They’re nearly impossible to take photos of (but are very charming and even semi “professional looking” in person):

Wouldn’t those look cute filled with candy and grouped on a table or even paired with small votive candles on someone’s mantel? They could also be used to serve warm cider to guests on Christmas or even New Years (since once the ink is baked onto the outside of the glass, it’s ready to use and can even be popped into the dishwasher). So I thought they made nice little versatile homemade gifts for around $5.50 (including the pen and all four glasses). And of course they could be personalized instead of seasonally decorated (with a scripty monogram, each family member’s name, a favorite icon like a horseshoe or a heart, etc). Have any of you guys tried your hand at glass paint? Do you have any other cheap DIY gifts on your to-do list? Tell me all about it.

Comments

    • says

      We closed it and hoped for the best. Seemed to work just fine (they didn’t feel like they were on the verge of cracking or anything when we removed them- although we did let them cool in the oven for a while before taking them out).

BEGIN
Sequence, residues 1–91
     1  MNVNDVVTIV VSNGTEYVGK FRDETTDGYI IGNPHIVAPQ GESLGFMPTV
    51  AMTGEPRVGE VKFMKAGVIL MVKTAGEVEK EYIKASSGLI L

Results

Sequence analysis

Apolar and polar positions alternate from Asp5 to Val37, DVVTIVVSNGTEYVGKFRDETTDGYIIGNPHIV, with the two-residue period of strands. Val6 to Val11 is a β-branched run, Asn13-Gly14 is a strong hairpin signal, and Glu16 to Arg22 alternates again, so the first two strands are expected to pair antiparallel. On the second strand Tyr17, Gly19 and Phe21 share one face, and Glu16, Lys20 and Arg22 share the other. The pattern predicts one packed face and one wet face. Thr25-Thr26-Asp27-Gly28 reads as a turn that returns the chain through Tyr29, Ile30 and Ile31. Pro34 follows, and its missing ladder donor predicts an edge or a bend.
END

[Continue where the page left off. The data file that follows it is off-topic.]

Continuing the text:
xo,
      s

  1. jeanna says

    I know you said it was dishwasher safe, I would love to hear how yours did through the wash cycle! This is a great project my mind is reeling with ideas! Thanks for sharing.

    • says

      Hey Jeanna,

      We actually probably won’t put them through the dishwasher since we’re certain we’re going to gift them (and don’t want to risk them fading or otherwise getting less cute)/ But if anyone else has used a paint pen and dishwashed the items afterwards, we’d love to hear how they look! Anyone?

      xo,
      s

  2. Misty says

    Too cute! I bought three sets of these tumblers about a month ago because my Target had each set for $1! Can you believe it? And Jake is now into drinking everything from a glass instead of a cup..he said it makes him feel “fancy”. Hey, whatever it takes to get milk down him…

  3. says

    These are super cute! I was thinking about using your “Thanks” jar etching tutorial to decorate similar glasses for a homemade gift with the word “cheers.”